Broward County murder will not be tried as hate crime listen10/16/09 Lisa Marzilli
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Craig Cohen was walking home from a local diner in Oakland Park, just north of Fort Lauderdale, last April when he was attacked by a group of men. He was pushed to the ground and repeatedly kicked in the head until his skull was crushed. Cohen spent the next six months in a brain damaged coma and died Oct. 7th, never having regained consciousness. The Broward County Sheriff’s Office said this week it will not investigate his death as a hate crime, despite requests from the man’s friends and gay rights activists.
Craig Cohen was 47 years old and openly gay. And he was not the only person attacked on April 6th. A few minutes after Cohen’s attack and less than two miles away, 27 year old David Villanova was beaten and robbed by the same men. He survived his attack. He is also openly gay.
Two suspects were arrested in May in connection with the crimes. A third, just 18 years old, was arrested this week, charged with robbery and murder. But Cohen’s friends and family say the charges aren’t tough enough. So does Scott Hall, founder and president of Gay American Heroes, a foundation that honors the victims of hate crimes and also seeks to educate the public about a problem that Hall says claims an LGBT life every nine days. Hall said he appreciates Broward County Sheriff Al Lamberti’s ongoing support of the gay community, but believes the motive behind Cohen’s murder was hate, not robbery.
Cmdr. Rick Wierzbicki is with the Broward Sheriff’s Office and is Chief of the Hate Crimes/Anti Bias Task Force. When asked why Cohen’s personal effects weren’t stolen by the suspects, Wierzbicki said it wasn’t from a lack of trying.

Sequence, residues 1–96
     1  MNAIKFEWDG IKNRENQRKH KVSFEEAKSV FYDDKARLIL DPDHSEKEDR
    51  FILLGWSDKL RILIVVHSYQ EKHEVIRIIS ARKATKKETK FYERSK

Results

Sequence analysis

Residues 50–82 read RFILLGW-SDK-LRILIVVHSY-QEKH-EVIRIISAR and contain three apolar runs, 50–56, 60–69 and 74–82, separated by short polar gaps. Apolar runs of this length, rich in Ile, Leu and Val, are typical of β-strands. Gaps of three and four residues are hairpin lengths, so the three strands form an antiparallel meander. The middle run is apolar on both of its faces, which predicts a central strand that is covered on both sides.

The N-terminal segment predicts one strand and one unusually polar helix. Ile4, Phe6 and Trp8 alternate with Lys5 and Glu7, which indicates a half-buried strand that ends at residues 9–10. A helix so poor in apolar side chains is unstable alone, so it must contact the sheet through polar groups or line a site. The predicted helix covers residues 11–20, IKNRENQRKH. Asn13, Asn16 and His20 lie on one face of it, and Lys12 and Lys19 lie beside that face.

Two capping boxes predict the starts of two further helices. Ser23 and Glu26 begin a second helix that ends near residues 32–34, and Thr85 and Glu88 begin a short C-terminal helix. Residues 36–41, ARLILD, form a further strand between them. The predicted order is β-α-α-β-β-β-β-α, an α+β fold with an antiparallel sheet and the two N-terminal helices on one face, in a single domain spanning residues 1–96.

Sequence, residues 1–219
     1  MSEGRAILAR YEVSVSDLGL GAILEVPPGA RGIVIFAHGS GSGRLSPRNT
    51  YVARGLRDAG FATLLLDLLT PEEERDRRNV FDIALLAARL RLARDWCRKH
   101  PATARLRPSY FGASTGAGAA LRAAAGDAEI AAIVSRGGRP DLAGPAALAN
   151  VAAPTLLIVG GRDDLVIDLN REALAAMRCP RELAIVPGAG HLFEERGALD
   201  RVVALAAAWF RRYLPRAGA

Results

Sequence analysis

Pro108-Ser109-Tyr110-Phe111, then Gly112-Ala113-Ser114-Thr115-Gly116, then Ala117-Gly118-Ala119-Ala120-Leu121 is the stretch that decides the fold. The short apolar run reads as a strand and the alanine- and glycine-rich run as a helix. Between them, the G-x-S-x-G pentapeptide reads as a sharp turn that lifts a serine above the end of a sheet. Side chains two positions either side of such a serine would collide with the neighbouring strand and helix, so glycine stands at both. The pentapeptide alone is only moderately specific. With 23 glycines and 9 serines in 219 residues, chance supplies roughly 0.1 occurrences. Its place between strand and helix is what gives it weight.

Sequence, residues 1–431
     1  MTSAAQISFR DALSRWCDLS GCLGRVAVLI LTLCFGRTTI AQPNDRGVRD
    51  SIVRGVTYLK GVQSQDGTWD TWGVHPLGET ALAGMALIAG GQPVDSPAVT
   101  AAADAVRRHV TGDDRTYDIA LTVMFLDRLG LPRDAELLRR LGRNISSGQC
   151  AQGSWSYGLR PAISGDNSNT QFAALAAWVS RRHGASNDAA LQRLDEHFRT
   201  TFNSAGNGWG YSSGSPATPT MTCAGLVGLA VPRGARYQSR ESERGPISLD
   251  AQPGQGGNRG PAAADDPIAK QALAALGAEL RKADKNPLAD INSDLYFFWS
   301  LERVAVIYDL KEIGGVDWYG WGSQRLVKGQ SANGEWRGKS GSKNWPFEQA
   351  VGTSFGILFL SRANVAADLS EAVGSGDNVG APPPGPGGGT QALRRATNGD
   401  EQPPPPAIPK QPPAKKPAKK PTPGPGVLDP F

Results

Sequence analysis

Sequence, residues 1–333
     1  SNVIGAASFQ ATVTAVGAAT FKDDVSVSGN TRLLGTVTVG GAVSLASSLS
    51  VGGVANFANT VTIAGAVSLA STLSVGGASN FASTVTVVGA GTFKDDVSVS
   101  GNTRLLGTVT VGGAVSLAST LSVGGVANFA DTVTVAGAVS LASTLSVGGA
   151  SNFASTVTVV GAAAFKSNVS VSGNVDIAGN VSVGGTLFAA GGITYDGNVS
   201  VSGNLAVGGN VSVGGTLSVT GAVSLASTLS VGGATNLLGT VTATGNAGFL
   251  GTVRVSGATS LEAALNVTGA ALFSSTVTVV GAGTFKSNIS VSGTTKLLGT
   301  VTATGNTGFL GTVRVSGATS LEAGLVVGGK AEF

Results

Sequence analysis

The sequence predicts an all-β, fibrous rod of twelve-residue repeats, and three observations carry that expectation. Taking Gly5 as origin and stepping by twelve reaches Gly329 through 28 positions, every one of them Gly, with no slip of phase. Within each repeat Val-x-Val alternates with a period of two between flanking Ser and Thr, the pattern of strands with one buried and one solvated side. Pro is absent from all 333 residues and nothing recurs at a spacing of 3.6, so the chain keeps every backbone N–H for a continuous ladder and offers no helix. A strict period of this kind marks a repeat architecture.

Wierzbicki said it was a lack of evidence that prevented them from classifying the attacks on Cohen and Villanova as hate crimes.
As brutal a crime as this was, Wierzbicki said the facts of the case did not fit the criteria laid out in the hate crime statute.
Scott Hall says the Sheriff’s Dept. needs to be pressured to reevaluate the case because if the brutal beating of Cohen can’t be classified as a hate crime then maybe it’s time to rewrite the statute.
Statistically, Broward County has the highest recorded number of hate crimes in the state. WMNF asked Cmdr. Wierzbicki why he thinks that is.
Cmdr. Wierzbicki said that now that Cohen has died, the charges against 21 yr. old Victor Gonzalez, 25 yr. old Pargu Leandro and 18 yr. Chad Olah will be the stiffest that can be levied, with or without a hate crime classification: that of 1st degree murder.
Cohen’s friends have established a fund that aims to help the other victims in crimes such as Cohen’s: the pets who are left behind. At the time of the attack Cohen shared his life with a dog named Eddie and 5 indoor cats, who Scott Hall said might have had to be euthanized, were it not for the “Craig Cohen Animal Advocacy Project”. The CCAAP is part of “The Pet Project” which helps people living with HIV/AIDS keep their pets by providing care and support. Although still a developing initiative, CCAAP found caring homes for all of Cohen’s cats and Eddie was adopted by a neighbor. To learn more about The Craig Cohen Animal Advocacy Project go to http://www.petprojectforpets.org. For information about the Gay American Heroes Foundation visit http://www.gayamericanheroes.info.